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 Historical accountsJosephus, Flavius
"Antiquities of the Jews"

external link: BibleStudyTools: Flavius Josephus

Josephus' greatest work, Antiquitates Judaicae (The Antiquities of the Jews), completed in 20 books in AD 93, traces the history of the Jews from creation to just before the outbreak of the revolt of AD 66-70. It was an attempt to present Judaism to the Hellenistic world in a favourable light. By virtually ignoring the Prophets, by embellishing biblical narratives, and by stressing the rationality of Judaic laws and institutions, he stripped Judaism of its fanaticism and made it appealing to the cultivated and reasonable man. Historically, the coverage is patchy and shows the fatigue of the author, then in his middle fifties. But throughout, sources are preserved that otherwise would have been lost, and, for Jewish history during the period of the Second Commonwealth, the work is invaluable.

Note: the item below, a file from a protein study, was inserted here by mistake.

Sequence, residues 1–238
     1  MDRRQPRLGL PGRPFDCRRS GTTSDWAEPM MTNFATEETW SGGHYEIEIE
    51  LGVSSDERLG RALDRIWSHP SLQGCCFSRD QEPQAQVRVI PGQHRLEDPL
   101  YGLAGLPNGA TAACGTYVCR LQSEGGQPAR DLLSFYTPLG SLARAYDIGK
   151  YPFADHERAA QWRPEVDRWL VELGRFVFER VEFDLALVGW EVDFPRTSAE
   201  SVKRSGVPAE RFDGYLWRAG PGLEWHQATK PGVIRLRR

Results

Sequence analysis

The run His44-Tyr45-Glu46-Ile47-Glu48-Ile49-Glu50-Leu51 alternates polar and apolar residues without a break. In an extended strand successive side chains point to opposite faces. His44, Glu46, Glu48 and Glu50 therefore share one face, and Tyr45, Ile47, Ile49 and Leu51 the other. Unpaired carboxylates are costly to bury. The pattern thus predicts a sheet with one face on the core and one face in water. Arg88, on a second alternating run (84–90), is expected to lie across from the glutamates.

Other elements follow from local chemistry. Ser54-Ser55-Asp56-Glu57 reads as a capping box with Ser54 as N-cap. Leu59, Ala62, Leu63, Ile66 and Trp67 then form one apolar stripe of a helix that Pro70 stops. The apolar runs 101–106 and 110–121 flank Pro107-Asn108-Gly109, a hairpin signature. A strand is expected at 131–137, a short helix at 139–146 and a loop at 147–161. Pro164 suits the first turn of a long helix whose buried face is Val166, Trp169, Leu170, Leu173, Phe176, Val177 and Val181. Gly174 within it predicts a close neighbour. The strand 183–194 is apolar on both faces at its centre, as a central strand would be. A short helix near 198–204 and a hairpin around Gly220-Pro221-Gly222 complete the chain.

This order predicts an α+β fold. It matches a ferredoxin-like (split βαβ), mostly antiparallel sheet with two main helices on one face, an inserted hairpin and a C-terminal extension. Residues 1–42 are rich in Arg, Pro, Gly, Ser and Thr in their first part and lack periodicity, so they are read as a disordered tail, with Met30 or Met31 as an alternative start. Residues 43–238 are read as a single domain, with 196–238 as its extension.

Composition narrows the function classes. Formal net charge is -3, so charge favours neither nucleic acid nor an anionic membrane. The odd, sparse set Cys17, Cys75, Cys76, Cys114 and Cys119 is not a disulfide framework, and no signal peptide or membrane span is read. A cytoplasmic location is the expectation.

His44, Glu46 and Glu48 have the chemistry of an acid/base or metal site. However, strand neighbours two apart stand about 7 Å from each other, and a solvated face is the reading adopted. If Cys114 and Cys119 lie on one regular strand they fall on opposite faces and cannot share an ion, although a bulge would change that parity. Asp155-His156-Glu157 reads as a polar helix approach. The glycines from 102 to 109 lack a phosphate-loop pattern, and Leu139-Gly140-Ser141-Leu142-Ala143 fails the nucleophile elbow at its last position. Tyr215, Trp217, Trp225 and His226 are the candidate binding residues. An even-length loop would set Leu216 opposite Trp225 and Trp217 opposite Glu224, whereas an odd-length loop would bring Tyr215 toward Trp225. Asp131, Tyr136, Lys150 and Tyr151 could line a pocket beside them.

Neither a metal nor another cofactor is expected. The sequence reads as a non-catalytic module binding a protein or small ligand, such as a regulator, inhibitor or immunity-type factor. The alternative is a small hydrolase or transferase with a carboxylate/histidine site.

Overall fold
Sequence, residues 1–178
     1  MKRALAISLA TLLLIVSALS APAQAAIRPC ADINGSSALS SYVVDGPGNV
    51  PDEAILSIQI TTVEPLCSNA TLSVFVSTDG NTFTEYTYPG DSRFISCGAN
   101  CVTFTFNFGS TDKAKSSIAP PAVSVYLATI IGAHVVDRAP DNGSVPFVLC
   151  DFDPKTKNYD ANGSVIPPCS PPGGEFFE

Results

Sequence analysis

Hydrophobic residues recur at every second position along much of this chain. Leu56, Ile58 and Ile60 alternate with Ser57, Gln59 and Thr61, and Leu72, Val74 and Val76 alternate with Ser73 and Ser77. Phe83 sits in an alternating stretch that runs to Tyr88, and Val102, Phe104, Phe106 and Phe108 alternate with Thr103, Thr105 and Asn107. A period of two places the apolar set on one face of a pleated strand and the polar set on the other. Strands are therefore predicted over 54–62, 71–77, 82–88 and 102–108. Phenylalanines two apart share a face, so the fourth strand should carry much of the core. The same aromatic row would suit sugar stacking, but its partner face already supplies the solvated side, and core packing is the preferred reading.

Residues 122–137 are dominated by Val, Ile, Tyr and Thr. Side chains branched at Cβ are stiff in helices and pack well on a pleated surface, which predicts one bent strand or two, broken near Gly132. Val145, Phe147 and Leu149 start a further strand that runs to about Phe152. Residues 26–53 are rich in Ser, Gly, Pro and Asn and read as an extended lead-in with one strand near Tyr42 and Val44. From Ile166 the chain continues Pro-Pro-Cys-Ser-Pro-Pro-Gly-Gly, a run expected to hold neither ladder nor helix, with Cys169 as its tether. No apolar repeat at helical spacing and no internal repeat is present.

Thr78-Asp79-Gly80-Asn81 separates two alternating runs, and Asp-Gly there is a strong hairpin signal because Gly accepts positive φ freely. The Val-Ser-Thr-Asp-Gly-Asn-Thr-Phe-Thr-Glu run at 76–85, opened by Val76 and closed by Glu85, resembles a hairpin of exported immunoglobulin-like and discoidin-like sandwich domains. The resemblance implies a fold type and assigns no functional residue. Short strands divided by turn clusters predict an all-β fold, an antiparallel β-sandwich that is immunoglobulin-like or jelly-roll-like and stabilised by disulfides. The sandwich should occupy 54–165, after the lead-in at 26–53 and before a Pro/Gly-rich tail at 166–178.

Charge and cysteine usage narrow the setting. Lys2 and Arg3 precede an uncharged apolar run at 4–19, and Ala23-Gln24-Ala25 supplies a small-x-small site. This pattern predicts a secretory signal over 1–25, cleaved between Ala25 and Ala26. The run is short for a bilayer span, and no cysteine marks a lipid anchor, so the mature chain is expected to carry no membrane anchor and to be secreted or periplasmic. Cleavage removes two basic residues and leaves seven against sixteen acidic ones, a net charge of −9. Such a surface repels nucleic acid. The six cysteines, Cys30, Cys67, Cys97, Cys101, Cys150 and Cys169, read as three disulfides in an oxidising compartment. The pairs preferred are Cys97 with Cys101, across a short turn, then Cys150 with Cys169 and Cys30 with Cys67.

The Antiquities contains two famous references to Jesus Christ: the one in Book XX calls him the "so-called Christ." The implication in the passage in Book XVIII of Christ's divinity could not have come from Josephus and undoubtedly represents the tampering (if not invention) of a later Christian copyist.

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